Wednesday, June 25, 2008

Helmut Schmidt On The Financial Crisis

(image via the-americaninterest)

An interesting interview with former German Finance Minister and Chancellor Helmut Schmidt at a dinner at the German Ambassador’s residence. The topic is the global financial crisis. What is interesting is how Schmidt zeros in on "infectious greed," or, as we like to call it here, "thumoeideutic excess," as one of the culprits. It is not inconceiveable that excessive thumos is symptomatic of late stage Empires. That might explain why Christianity, a Western method of taming thumotic urges, followed the smouldering ruins of Ancient Rome. From The American Interest, July/August 2008:

"AI: What is the reason for the current crisis of the financial markets?

"Helmut: There are three reasons. First of all, there are these unregulated financial instruments ...The traders spend hundreds of millions of dollars on products, electronically and without any paper trail, that not even their bosses understand. There are scores of investment banks out there. They understand their jobs, but not much else. If one sells a product, others will follow suit and start selling off within seconds. That will obviously affect the stock price. That's how mass hysteria is created within a fairly limited group of people. This type of hysteria, in and of itself, is the second major danger.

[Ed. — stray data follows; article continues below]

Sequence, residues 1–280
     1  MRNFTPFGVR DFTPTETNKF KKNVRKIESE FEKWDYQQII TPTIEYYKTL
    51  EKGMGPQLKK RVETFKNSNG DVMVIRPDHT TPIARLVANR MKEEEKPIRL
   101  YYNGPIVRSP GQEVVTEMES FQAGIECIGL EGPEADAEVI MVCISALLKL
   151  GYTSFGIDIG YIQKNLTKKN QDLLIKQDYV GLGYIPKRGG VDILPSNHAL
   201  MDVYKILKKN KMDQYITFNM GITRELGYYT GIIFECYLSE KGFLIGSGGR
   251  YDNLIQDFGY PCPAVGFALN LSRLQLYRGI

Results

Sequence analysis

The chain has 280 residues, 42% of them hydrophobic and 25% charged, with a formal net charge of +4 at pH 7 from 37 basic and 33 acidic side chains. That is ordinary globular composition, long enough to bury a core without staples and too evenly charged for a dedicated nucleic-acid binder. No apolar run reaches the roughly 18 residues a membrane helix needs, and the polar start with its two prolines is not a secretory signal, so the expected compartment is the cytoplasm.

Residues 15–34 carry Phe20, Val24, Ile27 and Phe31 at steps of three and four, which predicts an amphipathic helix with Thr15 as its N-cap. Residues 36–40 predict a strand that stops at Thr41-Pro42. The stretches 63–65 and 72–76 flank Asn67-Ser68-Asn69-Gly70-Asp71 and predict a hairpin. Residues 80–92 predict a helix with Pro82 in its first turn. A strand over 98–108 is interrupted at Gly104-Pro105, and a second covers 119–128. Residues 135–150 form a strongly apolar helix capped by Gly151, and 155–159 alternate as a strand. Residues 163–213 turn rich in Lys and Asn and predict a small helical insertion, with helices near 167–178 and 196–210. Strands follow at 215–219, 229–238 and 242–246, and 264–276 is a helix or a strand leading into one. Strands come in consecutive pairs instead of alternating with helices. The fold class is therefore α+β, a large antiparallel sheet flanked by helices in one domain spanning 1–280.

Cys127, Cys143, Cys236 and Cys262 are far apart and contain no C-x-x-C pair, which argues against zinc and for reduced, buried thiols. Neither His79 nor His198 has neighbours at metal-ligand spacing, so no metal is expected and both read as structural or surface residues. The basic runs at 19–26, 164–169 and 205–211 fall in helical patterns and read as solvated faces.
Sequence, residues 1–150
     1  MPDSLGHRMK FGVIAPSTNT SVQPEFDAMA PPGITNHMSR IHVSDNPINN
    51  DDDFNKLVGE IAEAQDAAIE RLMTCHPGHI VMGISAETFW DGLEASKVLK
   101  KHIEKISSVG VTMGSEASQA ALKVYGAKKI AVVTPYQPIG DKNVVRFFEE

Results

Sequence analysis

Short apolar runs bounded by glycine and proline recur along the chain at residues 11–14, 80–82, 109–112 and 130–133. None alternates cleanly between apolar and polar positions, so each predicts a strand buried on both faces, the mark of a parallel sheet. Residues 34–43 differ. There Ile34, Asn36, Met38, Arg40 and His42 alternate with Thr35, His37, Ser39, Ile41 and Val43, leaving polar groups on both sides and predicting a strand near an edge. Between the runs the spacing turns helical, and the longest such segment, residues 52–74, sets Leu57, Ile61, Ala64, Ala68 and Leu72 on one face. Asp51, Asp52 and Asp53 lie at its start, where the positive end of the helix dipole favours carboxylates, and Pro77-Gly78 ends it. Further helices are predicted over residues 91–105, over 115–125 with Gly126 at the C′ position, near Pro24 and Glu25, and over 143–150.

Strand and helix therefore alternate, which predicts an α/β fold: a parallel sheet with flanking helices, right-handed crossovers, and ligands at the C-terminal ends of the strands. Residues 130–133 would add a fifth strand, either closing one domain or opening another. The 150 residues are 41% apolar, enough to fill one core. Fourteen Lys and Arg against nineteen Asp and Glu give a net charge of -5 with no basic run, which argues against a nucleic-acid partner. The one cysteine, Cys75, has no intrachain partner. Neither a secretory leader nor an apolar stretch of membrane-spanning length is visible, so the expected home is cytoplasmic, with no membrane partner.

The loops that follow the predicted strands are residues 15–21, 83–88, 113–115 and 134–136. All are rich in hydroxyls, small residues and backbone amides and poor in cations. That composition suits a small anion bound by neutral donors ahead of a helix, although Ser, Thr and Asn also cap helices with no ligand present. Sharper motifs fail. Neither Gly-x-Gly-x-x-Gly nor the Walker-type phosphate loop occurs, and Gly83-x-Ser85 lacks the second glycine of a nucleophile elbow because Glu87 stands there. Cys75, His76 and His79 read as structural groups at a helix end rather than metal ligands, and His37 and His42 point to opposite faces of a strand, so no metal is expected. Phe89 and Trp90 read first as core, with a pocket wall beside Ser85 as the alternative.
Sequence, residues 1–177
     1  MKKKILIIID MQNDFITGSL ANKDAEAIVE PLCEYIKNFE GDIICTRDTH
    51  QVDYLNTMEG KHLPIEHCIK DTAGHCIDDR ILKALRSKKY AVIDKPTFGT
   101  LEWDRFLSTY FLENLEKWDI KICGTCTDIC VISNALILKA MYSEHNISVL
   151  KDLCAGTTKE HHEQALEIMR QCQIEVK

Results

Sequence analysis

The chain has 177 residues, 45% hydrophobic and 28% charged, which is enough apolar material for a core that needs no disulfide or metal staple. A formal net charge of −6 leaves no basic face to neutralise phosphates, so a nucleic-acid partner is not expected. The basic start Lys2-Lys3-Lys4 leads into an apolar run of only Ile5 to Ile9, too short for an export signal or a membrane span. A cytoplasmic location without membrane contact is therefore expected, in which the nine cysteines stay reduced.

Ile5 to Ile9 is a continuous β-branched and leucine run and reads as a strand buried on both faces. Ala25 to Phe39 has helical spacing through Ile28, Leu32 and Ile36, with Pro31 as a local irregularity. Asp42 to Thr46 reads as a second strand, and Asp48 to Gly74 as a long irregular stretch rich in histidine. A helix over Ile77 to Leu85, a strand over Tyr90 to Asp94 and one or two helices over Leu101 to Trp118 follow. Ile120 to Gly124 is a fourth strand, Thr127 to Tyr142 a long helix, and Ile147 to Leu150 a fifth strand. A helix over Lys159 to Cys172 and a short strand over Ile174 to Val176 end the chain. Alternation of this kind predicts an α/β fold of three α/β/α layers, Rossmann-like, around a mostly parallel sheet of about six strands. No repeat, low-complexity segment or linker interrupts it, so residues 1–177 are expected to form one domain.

"The third factor is what Alan Greenspan once termed 'infectious greed.' The bonus system invites greed. New York investment banks have showered their employees with yearly bonus payments worth about $38 billion. It was nothing but coincidence that the current crisis was triggered by a system that handed out mortgages to people not all of whom could be expected to pay them back. It might just as well have been the collapse of a major investment fund or a hedge fund or a private equity fund.

"AI: What type of medicine do you suggest for ailing markets.

"Helmut: There is no drug that will help immediately. In the long run, however, financial instruments will have to be regulated as if they were drugs. For immediate relief the Federal Reserve is creating liquidity of a magnitude that we have not seen before in world history."

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